First United Methodist Church of Schenectady
Worship for the Second Sunday after the Pentecost
June 19, 2022
Photo by Zach Long
It may help to center yourself into worship by lighting a candle, as a symbol of God’s presence with you during the time of worship. You may also want to pay attention to lighting, the position of your body, and the availability of distractions.
“Guide us, to freedom, now.”
Breath prayers involve breathing in the first phrase, and breathing out the second.
You may wish to simply pray for a moment before starting, or you may wish to pray while listening to the prelude.
“Breathe on Me” Arranged by Fred Bock
Call to Worship
One: God is great.
Many: The Holy One is worthy of our praise.
One: Come; let us remember the great things God has done for us.
Many: Let us not neglect to teach our children the greatness of God.
One: Let us not forget our past and those who have gone before us.
Many: We remember our ancestors, our history, our Africa;
and we name our future.
One: Let us lift up our voices in song, lift our arms in praise,
and open our hearts in gratitude.
Many: Let us greet God with our hymn of praise.
Hymn #603: “Lift Every Voice and Sing”
Connecting in Prayer
Unison Prayer: won’t you celebrate with me
by Lucille Clifton
won’t you celebrate with me
what i have shaped into
a kind of life? i had no model.
born in babylon
both nonwhite and woman
what did i see to be except myself?
i made it up
here on this bridge between
starshine and clay,
my one hand holding tight
my other hand; come celebrate
with me that everyday
something has tried to kill me
and has failed.
The Lord’s Prayer
Our Father (Creator) who art in heaven,
Hallowed be thy name.
Thy kingdom come.
Thy will be done on earth,
as it is in heaven.
Give us this day our daily bread.
And forgive us our trespasses,
as we forgive those who
trespass against us.
And lead us not into temptation,
but deliver us from evil:
For thine is the kingdom,
and the power, and the glory, for ever.
Word and Reflection
Scripture Reading: Psalm 42 and Luke 8:26-39
Time for Young People: “Jesus Responding to Pain”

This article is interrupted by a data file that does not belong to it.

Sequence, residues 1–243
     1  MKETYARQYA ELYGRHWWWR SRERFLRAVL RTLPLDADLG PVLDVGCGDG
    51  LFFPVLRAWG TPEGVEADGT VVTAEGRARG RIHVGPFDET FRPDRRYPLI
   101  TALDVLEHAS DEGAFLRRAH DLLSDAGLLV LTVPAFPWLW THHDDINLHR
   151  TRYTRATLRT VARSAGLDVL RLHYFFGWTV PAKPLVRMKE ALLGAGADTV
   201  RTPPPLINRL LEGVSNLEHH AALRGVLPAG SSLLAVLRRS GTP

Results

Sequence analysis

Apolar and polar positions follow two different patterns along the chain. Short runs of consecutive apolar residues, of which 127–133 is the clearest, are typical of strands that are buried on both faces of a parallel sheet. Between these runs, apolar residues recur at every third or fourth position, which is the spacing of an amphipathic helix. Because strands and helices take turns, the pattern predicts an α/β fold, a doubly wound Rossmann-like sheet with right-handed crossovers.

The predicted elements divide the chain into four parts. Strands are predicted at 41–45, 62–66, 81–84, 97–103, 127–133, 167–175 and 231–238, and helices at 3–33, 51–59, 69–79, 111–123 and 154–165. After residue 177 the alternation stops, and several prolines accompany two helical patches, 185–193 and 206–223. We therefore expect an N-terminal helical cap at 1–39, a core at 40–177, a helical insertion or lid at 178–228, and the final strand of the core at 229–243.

Hymn #2193: “Lord, Listen to Your Children Praying”
Mission Moment: Juneteenth
by Virgia Phoenix
Juneteenth is a national holiday celebrating the day that the enslaved in Texas learned of their freedom. This occurred on June 19, 1865, two years after President Lincoln signed the Emancipation Proclamation on January 1, 1863.
Celebrations broke out immediately following the message about their freedom. Beginning on the first anniversary in 1866, June 19 was established as an important day of thanksgiving and remembrance. The celebrations included Church services, reading the Emancipation Proclamation, singing, speeches, festivals, family reunions, Barbecues, coronations and more.
Juneteenth is a combination of June and 19.
The initiative to make June 19 a holiday can be credited to the advocacy of Al Edwards, resulting in it becoming a Texas state holiday in 1980. The activity to successfully make it a national holiday is the relentless effort of Opal Lee who gained wide attention for walking from Fort Worth, Texas, to Washington DC. She walked two- and one-half miles a day to symbolize the number of years that it took for Texans to learn of their freedom.
Texas Congresswoman Shelia Jackson Lee introduced a bill entitled Juneteenth National Independence Day Act. It was signed by President Joe Biden in 2021, the first year the day was Nationally observed.
The Juneteenth Flag
Red, white and blue represents the American flag – a reminder that slaves and descendants were and are Americans. The center star represents Texas; the “burst” around the star represents a new beginning; the arc (curve extending across the width) represents “a new horizon” opportunities and promise of the future.
Passing of the Peace
If you are worshiping with others, please pass the Peace of Christ.
Whether you are alone or with others, please take a moment to find God’s peace within, and then to share it with the world. You may want to reach out to speak peace to another during this week.
Sermon: “Tears for Food” – Rev. Sara Baron
Offertory: There Is a Balm in Gilead Arranged by Mark Hayes
Photo by Larry McArthur
If you wish, you are welcome to use this time to make a donation to the church online, or to put a check in the mail.
The time of offering is not only about our financial gifts to the church, it is about offering our lives to God and the building of the kindom. This is a time for reflection: What is being asked of us? What is being given to us? What are we able to offer? What do we need?
A Thirsting for Justice Prayer
Reverend Sterling Morse, coordinator for African American intercultural congregational support for the Presbyterian Church
Thankfully we praise you, O God, for your liberating power that broke shackles of oppression and restored humanity to the
Make us instruments of grace to resist slavery, in all manifestations,
that no soul shall be denied the right to thrive and fully realize their divine purpose in you. Amen.
Hymn #533: “We Shall Overcome”
May God bless us with a thirst for justice, a yearning for healing, and the capacity to create both! Amen
“We Walk By Faith” Arranged by Lloyd Larson